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Pokemon Go and your family’s privacy: What you should know

Released only a few weeks ago, Pokémon Go has become a cultural phenomenon. For the uninitiated, Pokémon Go is a game for mobile devices that overlays a virtual...

Released only a few weeks ago, Pokémon Go has become a cultural phenomenon. For the uninitiated, Pokémon Go is a game for mobile devices that overlays a virtual world on top of the physical world by utilizing a smartphone’s GPS, camera, and internal gyroscope. It is what we call augmented reality--Pokemon characters seemingly appear in the real world when looking through a smartphone, and players capture these characters by launching a Pokeball.

Millions of children, teens, and adults across the country and globe have been fascinated by this blending of the virtual and real, and have taken to the streets (and parks, churches, and everywhere in between) to capture these imaginary characters. The Pokémon Go phenomenon has included both extremely positive stories of young users exploring their neighborhoods, and negative stories in regards to distracted walking. It has also brought up the issues of privacy and safety. So before you Pokémon Go, there are 3 major areas that you and your family should be aware of.

Here are the 3 KNOWS for Pokémon Go:

Know what information you are giving away

When you agree to download an app, you are agreeing to its Term of Service. Upon its initial release, commentators pointed out that Pokémon Go received a high level of access to your email and contacts when signing up through Google. After an outcry of complaints, the game altered that data that was collected through sign-up. Of particular concern for parents is understanding what information the game is collecting on your child and what the company (created by Niantic, Inc) will do with the information both internally and with third parties.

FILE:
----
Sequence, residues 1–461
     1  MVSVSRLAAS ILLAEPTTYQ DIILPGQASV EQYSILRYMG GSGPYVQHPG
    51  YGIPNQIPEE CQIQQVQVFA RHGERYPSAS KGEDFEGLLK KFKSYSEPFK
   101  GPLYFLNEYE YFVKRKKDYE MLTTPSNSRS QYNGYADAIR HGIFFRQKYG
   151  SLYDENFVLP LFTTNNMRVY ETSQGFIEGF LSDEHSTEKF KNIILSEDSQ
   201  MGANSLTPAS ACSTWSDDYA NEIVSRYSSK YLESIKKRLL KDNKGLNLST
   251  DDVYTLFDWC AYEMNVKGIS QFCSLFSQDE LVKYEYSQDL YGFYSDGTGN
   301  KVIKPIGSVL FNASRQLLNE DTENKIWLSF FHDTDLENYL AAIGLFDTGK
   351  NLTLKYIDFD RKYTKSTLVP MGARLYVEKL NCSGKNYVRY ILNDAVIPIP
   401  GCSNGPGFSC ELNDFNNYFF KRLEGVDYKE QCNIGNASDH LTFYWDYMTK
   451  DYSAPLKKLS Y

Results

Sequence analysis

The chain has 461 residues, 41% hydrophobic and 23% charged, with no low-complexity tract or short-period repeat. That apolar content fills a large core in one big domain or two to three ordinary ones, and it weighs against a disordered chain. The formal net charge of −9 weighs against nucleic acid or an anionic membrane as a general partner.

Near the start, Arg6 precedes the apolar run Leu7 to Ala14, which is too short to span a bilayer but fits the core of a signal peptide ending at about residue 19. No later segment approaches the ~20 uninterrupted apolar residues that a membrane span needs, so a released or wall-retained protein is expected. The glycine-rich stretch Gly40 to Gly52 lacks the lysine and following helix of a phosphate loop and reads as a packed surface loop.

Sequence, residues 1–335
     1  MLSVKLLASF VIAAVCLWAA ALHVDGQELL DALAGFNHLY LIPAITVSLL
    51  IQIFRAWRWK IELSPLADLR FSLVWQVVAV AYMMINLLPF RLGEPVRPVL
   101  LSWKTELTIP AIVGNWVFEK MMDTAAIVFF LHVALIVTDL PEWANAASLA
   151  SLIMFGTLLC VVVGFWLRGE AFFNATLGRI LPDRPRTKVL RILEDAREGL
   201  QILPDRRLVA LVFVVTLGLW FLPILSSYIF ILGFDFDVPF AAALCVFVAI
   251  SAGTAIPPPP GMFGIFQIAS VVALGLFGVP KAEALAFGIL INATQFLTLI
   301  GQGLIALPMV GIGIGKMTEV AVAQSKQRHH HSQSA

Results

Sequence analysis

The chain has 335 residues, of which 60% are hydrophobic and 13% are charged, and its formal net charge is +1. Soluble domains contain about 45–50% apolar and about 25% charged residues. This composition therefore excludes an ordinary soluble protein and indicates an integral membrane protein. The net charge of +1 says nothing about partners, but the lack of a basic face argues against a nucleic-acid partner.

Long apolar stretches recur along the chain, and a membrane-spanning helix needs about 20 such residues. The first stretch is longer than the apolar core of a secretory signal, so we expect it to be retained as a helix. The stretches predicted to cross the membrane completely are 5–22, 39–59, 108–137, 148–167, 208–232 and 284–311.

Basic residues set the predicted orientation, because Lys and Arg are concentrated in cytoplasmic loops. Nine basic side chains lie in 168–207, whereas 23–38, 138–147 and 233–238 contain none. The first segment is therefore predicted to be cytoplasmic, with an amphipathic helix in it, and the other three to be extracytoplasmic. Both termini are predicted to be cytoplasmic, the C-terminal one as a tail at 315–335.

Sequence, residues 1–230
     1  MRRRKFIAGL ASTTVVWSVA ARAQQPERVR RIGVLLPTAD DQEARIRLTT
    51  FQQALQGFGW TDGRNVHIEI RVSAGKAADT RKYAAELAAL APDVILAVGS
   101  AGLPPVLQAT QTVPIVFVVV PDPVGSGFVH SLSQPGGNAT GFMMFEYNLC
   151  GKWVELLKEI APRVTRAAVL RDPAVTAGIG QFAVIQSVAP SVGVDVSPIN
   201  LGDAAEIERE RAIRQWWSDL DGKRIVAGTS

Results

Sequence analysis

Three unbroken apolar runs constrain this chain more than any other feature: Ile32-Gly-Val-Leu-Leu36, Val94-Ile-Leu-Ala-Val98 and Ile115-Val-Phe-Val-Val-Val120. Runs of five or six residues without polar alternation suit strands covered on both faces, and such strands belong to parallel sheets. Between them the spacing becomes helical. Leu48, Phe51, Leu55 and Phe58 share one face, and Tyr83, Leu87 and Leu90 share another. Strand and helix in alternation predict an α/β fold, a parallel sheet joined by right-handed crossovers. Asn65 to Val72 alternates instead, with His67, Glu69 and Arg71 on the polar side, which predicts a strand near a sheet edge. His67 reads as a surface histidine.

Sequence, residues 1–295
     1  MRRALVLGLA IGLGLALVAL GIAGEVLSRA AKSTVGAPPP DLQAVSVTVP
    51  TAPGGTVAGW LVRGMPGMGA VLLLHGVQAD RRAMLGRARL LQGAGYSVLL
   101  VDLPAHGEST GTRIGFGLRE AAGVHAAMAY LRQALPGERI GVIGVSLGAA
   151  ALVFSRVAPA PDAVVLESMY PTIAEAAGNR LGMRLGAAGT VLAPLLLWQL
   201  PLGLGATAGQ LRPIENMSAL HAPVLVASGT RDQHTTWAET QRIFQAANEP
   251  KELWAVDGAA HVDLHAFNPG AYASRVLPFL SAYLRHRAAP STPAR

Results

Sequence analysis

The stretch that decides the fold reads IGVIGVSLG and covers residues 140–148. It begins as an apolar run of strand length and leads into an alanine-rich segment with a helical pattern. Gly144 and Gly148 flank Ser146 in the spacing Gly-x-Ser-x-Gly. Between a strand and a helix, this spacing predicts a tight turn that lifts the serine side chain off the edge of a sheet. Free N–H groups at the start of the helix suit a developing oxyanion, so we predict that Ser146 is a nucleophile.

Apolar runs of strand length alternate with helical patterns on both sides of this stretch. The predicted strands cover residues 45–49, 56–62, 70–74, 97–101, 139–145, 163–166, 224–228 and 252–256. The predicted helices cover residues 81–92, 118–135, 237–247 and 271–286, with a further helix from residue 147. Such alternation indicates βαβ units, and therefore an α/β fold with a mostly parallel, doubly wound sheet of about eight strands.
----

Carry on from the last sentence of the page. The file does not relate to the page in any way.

Upon signing up for Pokémon Go, the app will collect a user’s email address, age, websites visited, and locations travelled. The game is rated for Everyone, so Pokémon Go has the heightened duty under the Child Online Privacy Protection Act (COPPA) to receive sufficient parental consent for users under the age of 13.

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The allure of  Pokémon Go is that merges the real world with a fantasy world, but in order to do this it requires access to your smartphone’s camera and location. Families should know their comfort level apps based on geolocation, and ensure young players are aware of what giving over this information entails.



Know your surroundings

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Children, teens, and adults enjoying Pokémon Go should show the same level of respect and awareness to their surroundings as they typically would when not playing a game. Outside of capturing characters, Pokémon Go will also prompt a player to visit Pokéstops and Pokémon Gyms that are often located in community locations such as parks. When walking throughout town, players should be cognizant of private property and walking into areas not appropriate for one’s age.

While a player is hoping for a character to appear on screen, it should be understood that physical safety concerns such as a car can be appearing in real life. In others words, always looks what is happening outside your screen as well.


It is often said that Pokémon Go is free. That is technically true, but practically false. Pokémon Go is an example of what is referred to as freemium: a product that allows for either free use or premium use. The major trend in gaming in recent years has been to monetize games through a freemium model that captures a high amount of users up front (since there is no initial cost), and tries to incentivize players to make in-app purchases.

For Pokémon Go, players can speed up the process of moving through levels by purchasing Poké Balls instead of spending time searching for them. Families should discuss that in-app purchases have real world consequences--they cost actual money. Mobile games traditionally have purchases made through in-game currency that require an additional mental step to understand how much money is being spent in US currency.

In the world of Pokémon Go, players spend Pokécoins that start with a conversation of 20 Poké Balls costs 100 Pokécoins, which costs 99 cents.

David Ryan Polgar is the Chief of Trust & Safety for Friendbase, along with the co-founder for the Digital Citizenship Summit.